Many grammar aficionados will fiercely debate writing rules and techniques among themselves and with others until they run out of breath. But sometimes their quibbles may prove to be entirely pointless. And that’s not because there are no grammar rules worth knowing or following, but because these self-proclaimed grammar aficionados are from different industries and have developed their writing skills with very different schools of thought and practice. Or it’s because they’ve simply had different professors or teachers who encouraged them to follow very different style guides for very different purposes.
It’s important to consider how you have come to understand grammar and writing techniques as a writer, editor, or proofreader, and where the rules and techniques you follow come from, because you could unwittingly be making grave errors. Or you could be confounding your readers, and that’s never good to do.
At the very least, you should know and designate a style guide for everything you write that will be published or somehow shared with others, especially in professional settings. After you review the list below, you might discover a style guide that better suits your needs or the needs of your organization.
Why Do I Need a Style Guide?
A style guide is a set of standards for the writing and design of documents, either for general use or for a specific publication, organization, or industry.
A style guide:
- Establishes and administers style to improve communication
- Ensures consistency within a document and across multiple documents
- Enforces and outlines:
- Best practices in language usage
- Language composition
- Visual composition
- How words are spelled
- Details for how documents should be formatted
It may also enforce its own compliance standards and ethical guidelines.
How Do I Choose a Style Guide?
Identify the audience who will be reading the final draft, the audience for whom the piece of writing is intended in the first place. The style guide that will be used will depend on how much technical and industry jargon will be needed, and how formal or informal the writing style will need to be.
You’ll also want to consider whether you have readers who are regular subscribers, or whether the piece of writing you’re publishing or sharing is more research-oriented or technical, or if it will be archived for future reference. And if you don’t have specific mandates or recommendations provided to you by an employer or professor, then your personal preference may determine the style guide you’ll use.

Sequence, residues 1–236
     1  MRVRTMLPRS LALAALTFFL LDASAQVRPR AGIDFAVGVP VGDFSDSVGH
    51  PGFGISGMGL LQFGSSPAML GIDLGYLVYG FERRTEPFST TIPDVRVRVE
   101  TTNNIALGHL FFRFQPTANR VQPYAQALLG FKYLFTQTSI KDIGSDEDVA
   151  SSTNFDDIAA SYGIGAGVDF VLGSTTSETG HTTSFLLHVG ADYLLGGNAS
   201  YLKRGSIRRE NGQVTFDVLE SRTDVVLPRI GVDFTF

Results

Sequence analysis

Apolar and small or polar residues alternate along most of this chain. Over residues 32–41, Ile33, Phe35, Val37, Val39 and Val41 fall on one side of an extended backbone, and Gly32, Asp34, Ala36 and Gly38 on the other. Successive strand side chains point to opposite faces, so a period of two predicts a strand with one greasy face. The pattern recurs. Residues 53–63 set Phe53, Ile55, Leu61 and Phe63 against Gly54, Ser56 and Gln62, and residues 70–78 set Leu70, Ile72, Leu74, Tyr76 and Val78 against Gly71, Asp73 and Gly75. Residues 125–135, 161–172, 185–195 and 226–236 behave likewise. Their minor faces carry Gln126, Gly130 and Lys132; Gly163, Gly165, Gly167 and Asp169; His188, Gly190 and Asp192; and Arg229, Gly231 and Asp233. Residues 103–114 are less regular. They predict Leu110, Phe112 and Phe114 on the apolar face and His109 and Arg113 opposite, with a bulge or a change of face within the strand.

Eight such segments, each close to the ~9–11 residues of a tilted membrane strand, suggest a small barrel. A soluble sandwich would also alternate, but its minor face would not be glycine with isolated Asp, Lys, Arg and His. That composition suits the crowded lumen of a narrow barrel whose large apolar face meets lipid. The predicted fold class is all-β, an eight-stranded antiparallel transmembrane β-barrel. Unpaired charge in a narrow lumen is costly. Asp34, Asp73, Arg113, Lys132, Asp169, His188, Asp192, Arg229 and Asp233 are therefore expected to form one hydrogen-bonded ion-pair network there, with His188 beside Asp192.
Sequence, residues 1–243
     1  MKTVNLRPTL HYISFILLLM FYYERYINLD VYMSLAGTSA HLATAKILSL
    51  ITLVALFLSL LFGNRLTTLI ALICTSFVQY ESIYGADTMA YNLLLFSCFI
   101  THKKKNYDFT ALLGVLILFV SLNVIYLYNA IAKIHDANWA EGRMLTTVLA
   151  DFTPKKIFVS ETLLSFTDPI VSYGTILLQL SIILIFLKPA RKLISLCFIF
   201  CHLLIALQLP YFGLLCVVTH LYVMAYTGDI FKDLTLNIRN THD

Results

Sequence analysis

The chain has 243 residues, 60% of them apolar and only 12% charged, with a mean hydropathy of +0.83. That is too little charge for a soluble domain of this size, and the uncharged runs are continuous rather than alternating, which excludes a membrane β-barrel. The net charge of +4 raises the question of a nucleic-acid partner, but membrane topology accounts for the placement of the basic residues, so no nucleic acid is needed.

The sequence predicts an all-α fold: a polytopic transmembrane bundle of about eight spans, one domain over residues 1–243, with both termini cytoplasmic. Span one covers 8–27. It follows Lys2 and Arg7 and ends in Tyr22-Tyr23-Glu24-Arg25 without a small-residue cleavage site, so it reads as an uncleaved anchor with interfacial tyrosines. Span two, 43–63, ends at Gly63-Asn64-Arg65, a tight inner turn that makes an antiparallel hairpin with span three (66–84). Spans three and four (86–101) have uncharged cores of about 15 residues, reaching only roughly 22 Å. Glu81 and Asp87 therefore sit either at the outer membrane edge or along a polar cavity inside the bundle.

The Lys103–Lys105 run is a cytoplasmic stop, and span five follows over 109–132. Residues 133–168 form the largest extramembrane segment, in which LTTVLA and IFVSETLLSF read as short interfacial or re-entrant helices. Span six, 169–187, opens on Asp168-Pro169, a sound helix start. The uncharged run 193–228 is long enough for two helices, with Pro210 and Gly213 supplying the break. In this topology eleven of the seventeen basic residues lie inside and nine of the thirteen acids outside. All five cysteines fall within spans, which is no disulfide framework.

Popular Style Guides
Knowing what style guide you should follow can make or break the effectiveness of your writing for its intended audience. Here are some of the more popular style guides you need to know about.
Oxford Style Manual
The Oxford Style Manual covers a lot of topics for writers in a variety of industries, in both UK and US English. It provides advice on how to prepare copy for publication in print and electronically. Topics covered in the manual include how to punctuate and hyphenate accurately, capitalization guidelines, structuring text coherently, how to use quotations and citations clearly, how to provide accurate references, and more. Recent developments in the publishing industry, such as scientific publishing conventions, have been included in the newest edition.
These guidelines are accompanied by the New Oxford Dictionary for Writers and Editors, which features 25,000 A-Z entries giving advice on those words and names that constantly raise questions because of spelling, capitalization, hyphenation, or cultural and historical context. Entries give full coverage of recommended spellings, variant forms, confusing words, hyphenation, capitalization, foreign and specialist terms, proper nouns, and abbreviations. And it also includes appendices for quick reference including proofreading marks, countries and currencies, and alphabets.
The Elements of Style
Cornell University English professor William Strunk, Jr. wrote the first edition of The Elements of Style in 1918 and privately published it in 1919, for use at the university. In 1957, E.B. White at The New Yorker (who had studied writing under Strunk in 1919) wrote a feature story about Strunk’s devotion to articulate English prose and ended up revising the 1959 edition. (Strunk died in 1946.) And since then, the style guide has been revised many times. Here’s a link to a copy of the Fourth Edition.
This style guide is important for general writing guidelines and is often introduced to students in writing programs at high schools and universities because of its simplicity and easy-to-follow rules. It’s also only around 100 pages. It instructs writers to omit needless words, use the active voice, and use parallel construction on parallel concepts, among other fundamental writing rules.
Academia and Research
Modern Language Association Style Manual (MLA)
The MLA style guide is most commonly used to write papers and cite sources within the liberal arts and humanities. This online resource, updated to reflect the MLA Handbook (8th ed.), offers examples for the general format of MLA research papers, in-text citations, endnotes or footnotes, and the Works Cited page.
Proper documenting of primary and secondary sources is extremely critical to the MLA style guide. While some general writing guidelines are included in the style guide, this style guide mainly focuses on how to cite sources throughout a piece of writing.
In next week's post, we'll continue our discussion of style guides listing those available by industry.